Parthia


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Par·thi·a

 (pär′thē-ə)
An ancient country of southwest Asia corresponding to modern northeast Iran. It was included in the Assyrian and Persian empires and the Macedonian empire of Alexander the Great. A Parthian kingdom lasted from c. 250 bc to ad 226, reaching the height of its influence and landholdings at the beginning of the first century bc. Parthian soldiers were renowned as horsemen and archers.
American Heritage® Dictionary of the English Language, Fifth Edition. Copyright © 2016 by Houghton Mifflin Harcourt Publishing Company. Published by Houghton Mifflin Harcourt Publishing Company. All rights reserved.

Parthia

(ˈpɑːθɪə)
n
(Placename) a country in ancient Asia, southeast of the Caspian Sea, that expanded into a great empire dominating SW Asia in the 2nd century bc It was destroyed by the Sassanids in the 3rd century ad
Collins English Dictionary – Complete and Unabridged, 12th Edition 2014 © HarperCollins Publishers 1991, 1994, 1998, 2000, 2003, 2006, 2007, 2009, 2011, 2014

Par•thi•a

(ˈpɑr θi ə)

n.
an ancient country in W Asia, SE of the Caspian Sea, in what is now NE Iran.
Random House Kernerman Webster's College Dictionary, © 2010 K Dictionaries Ltd. Copyright 2005, 1997, 1991 by Random House, Inc. All rights reserved.
ThesaurusAntonymsRelated WordsSynonymsLegend:
Noun1.Parthia - an ancient kingdom in Asia to the southeast of the Caspian SeaParthia - an ancient kingdom in Asia to the southeast of the Caspian Sea; it dominated southwestern Asia from about 250 BC to AD 226
Asia - the largest continent with 60% of the earth's population; it is joined to Europe on the west to form Eurasia; it is the site of some of the world's earliest civilizations
Parthian - a native or inhabitant of Parthia
Based on WordNet 3.0, Farlex clipart collection. © 2003-2012 Princeton University, Farlex Inc.
References in periodicals archive ?
The exhibition's central notion is that the ancient Near East was a 'world between empires'--that of Rome and Parthia, centred on Mesopotamia and Iran--but connected by trade and movement.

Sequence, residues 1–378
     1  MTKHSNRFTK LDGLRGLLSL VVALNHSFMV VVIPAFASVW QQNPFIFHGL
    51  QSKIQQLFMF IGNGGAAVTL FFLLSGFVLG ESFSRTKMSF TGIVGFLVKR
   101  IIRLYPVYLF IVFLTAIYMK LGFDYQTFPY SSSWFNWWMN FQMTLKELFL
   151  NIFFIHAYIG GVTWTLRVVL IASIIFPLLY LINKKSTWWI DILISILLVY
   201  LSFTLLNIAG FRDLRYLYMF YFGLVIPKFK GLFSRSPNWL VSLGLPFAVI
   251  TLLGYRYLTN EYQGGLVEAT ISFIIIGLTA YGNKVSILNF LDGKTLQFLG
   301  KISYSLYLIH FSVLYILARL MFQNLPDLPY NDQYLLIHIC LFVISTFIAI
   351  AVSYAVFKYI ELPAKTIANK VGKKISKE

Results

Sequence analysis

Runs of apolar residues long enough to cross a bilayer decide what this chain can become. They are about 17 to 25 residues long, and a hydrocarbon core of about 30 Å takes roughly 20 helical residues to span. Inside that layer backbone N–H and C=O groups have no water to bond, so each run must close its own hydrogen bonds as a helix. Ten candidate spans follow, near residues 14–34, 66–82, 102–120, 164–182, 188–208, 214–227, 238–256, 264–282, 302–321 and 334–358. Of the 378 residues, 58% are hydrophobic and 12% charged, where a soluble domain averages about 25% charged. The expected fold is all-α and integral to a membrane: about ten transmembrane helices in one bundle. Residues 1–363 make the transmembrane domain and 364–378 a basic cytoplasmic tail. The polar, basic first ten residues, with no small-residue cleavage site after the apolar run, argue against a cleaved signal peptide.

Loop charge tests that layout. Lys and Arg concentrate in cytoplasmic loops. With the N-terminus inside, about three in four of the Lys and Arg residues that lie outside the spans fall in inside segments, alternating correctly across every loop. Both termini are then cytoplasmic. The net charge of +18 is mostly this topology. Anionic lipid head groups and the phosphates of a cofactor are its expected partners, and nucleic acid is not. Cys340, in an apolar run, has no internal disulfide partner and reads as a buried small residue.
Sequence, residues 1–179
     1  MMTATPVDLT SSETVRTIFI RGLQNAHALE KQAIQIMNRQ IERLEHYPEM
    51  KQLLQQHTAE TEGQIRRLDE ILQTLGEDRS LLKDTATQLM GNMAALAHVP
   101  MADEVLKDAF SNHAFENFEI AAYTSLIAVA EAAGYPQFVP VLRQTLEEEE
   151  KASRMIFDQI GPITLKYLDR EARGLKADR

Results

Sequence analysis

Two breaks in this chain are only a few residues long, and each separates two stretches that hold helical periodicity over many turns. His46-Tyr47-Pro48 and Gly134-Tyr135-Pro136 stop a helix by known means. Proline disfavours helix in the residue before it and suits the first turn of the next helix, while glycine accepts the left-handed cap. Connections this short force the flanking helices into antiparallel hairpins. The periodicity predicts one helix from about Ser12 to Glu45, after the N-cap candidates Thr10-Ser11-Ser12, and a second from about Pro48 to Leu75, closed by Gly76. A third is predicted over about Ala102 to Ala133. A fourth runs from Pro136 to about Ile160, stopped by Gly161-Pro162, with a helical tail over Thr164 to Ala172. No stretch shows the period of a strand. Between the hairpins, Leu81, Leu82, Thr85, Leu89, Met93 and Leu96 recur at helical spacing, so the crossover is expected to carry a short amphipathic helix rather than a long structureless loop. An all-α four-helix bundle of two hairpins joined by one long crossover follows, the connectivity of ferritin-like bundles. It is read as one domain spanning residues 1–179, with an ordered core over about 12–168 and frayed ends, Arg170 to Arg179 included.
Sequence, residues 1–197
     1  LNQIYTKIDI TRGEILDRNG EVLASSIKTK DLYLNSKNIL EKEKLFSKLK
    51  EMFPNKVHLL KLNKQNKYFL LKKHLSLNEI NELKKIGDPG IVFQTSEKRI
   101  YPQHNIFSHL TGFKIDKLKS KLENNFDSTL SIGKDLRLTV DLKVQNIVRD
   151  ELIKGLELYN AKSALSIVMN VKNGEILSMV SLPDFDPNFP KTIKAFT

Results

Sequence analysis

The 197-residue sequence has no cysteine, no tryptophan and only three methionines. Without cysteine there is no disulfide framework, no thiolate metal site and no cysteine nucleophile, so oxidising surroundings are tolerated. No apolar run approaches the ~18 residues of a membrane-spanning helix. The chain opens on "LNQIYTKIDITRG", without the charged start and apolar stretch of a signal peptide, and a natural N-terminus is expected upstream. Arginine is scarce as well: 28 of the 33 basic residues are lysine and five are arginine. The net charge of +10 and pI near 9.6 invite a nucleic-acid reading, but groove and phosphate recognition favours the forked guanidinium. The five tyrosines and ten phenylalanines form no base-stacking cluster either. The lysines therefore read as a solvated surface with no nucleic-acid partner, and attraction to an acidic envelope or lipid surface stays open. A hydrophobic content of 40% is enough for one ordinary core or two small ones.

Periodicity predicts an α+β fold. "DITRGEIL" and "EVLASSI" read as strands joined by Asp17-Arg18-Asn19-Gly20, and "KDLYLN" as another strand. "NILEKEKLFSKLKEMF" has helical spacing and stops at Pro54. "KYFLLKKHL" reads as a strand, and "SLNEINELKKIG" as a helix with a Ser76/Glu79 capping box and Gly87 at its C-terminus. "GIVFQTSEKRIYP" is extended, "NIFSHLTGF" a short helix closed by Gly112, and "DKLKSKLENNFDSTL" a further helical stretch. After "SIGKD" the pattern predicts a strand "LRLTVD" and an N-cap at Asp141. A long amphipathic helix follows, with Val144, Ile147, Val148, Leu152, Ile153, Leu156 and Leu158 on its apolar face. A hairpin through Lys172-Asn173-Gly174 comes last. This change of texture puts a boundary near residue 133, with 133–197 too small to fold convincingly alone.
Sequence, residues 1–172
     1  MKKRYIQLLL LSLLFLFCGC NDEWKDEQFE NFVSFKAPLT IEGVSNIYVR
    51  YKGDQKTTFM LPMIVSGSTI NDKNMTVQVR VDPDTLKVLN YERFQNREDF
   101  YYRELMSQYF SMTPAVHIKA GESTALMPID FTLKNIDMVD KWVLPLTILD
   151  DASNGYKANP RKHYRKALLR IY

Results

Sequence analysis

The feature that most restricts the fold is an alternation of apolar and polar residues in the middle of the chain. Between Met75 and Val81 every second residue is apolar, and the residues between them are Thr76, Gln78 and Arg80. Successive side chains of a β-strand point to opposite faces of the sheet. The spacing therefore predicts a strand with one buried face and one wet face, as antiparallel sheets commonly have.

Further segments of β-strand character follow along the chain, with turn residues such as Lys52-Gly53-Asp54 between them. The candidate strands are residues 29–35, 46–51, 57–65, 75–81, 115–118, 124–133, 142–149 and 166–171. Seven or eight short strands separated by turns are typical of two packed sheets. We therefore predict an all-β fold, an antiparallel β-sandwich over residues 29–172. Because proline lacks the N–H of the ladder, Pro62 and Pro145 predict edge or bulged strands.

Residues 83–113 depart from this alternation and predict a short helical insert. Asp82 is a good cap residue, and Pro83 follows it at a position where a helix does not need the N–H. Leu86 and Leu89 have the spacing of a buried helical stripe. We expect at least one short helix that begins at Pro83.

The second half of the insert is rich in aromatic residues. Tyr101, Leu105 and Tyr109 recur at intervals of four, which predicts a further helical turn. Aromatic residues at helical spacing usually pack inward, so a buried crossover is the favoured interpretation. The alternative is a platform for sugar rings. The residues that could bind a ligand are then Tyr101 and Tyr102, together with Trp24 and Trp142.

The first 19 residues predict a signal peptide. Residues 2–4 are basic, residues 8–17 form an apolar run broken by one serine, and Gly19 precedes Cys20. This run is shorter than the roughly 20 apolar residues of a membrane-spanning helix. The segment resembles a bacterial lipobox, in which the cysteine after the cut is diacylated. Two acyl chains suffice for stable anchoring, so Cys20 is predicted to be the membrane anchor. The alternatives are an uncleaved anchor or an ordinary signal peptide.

1882: The Parthia Evening Post became the first-known example of a ship's newspaper.
The wreath was a creation that appears to have originated in ancient Parthia.
Classicists exploring the Arsacid dynasty of Parthia and its interactions with neighboring states large and small focus here on interactions with Romans.
While touring in Jamaica, they will join forces with the American Company, which will later perform The Prince of Parthia, the first script by an American to receive a professional staging.
This aristocracy was of Iranian stock and stood by its nomadic roots until the end of its power, as has been demonstrated by Dabrowa's student Jan Marek Olbrycht of Krakow (Parthia et ulleriores gentes: Die polilischen Beziehungen zwischen dem arsakidischen Iran und den Nomaden der eurasischen Steppen.
The impressive range of Quellenforschung on display here makes Briant's work a valuable resource not only for those interested in Persian history but also for students of the relationship of Rome and Parthia and indeed for medieval scholars of the Alexander tradition and of Alexander lore.
Armies of a large number of powers in the past five millennia -- Greece, Rome, Byzantium, Persia, the Crusaders, Egypt, Parthia, Ottomans, France, Great Britain and Islamic dynasties -- have repeatedly occupied this land, fought over it, or sought to control it through local proxies.
Aside from Caesar's embezzlement of the public treasury (3.1.1083-86, 5.1.2628), joined with the shameless death threats addressed to the Tribunes who dared oppose him (5.1.2631-34), Brutus condemns the arrogant acts perpetrated by Caesar against a Senate deprived of its functions: the tyrant distributes offices and provinces according to personal whim and has already laid out a five-year plan before heading for Parthia, obviously without consulting the Senate (5.1.2612-13).